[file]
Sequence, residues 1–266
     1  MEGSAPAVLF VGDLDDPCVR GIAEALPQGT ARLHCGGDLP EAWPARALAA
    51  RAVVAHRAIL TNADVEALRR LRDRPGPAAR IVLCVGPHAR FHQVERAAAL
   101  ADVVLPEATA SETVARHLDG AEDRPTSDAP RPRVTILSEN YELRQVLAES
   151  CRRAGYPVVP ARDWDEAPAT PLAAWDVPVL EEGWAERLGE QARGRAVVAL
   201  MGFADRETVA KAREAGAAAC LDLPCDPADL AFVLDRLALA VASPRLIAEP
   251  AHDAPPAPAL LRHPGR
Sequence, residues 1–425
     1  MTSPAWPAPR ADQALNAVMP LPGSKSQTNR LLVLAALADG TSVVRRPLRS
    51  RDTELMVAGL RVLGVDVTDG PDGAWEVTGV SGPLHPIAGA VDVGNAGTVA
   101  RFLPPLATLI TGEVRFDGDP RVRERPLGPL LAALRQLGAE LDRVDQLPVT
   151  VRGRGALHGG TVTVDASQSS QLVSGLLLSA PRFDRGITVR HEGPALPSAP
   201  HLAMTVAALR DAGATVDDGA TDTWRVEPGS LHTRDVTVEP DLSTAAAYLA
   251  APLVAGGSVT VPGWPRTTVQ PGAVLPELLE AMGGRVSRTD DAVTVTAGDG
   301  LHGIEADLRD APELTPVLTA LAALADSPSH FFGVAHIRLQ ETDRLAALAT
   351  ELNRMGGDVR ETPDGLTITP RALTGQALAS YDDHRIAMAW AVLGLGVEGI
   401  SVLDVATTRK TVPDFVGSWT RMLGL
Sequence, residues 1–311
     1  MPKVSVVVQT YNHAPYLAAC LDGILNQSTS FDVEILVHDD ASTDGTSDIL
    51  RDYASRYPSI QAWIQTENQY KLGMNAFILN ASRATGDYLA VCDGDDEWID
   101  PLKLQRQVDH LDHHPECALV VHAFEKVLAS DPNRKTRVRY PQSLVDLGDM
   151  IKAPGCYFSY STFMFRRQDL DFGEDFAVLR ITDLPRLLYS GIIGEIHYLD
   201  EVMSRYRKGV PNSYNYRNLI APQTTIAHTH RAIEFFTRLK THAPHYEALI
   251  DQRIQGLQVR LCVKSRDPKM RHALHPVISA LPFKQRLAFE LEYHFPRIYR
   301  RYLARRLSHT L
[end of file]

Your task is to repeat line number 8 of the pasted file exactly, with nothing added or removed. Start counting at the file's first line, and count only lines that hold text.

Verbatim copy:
Sequence, residues 1–425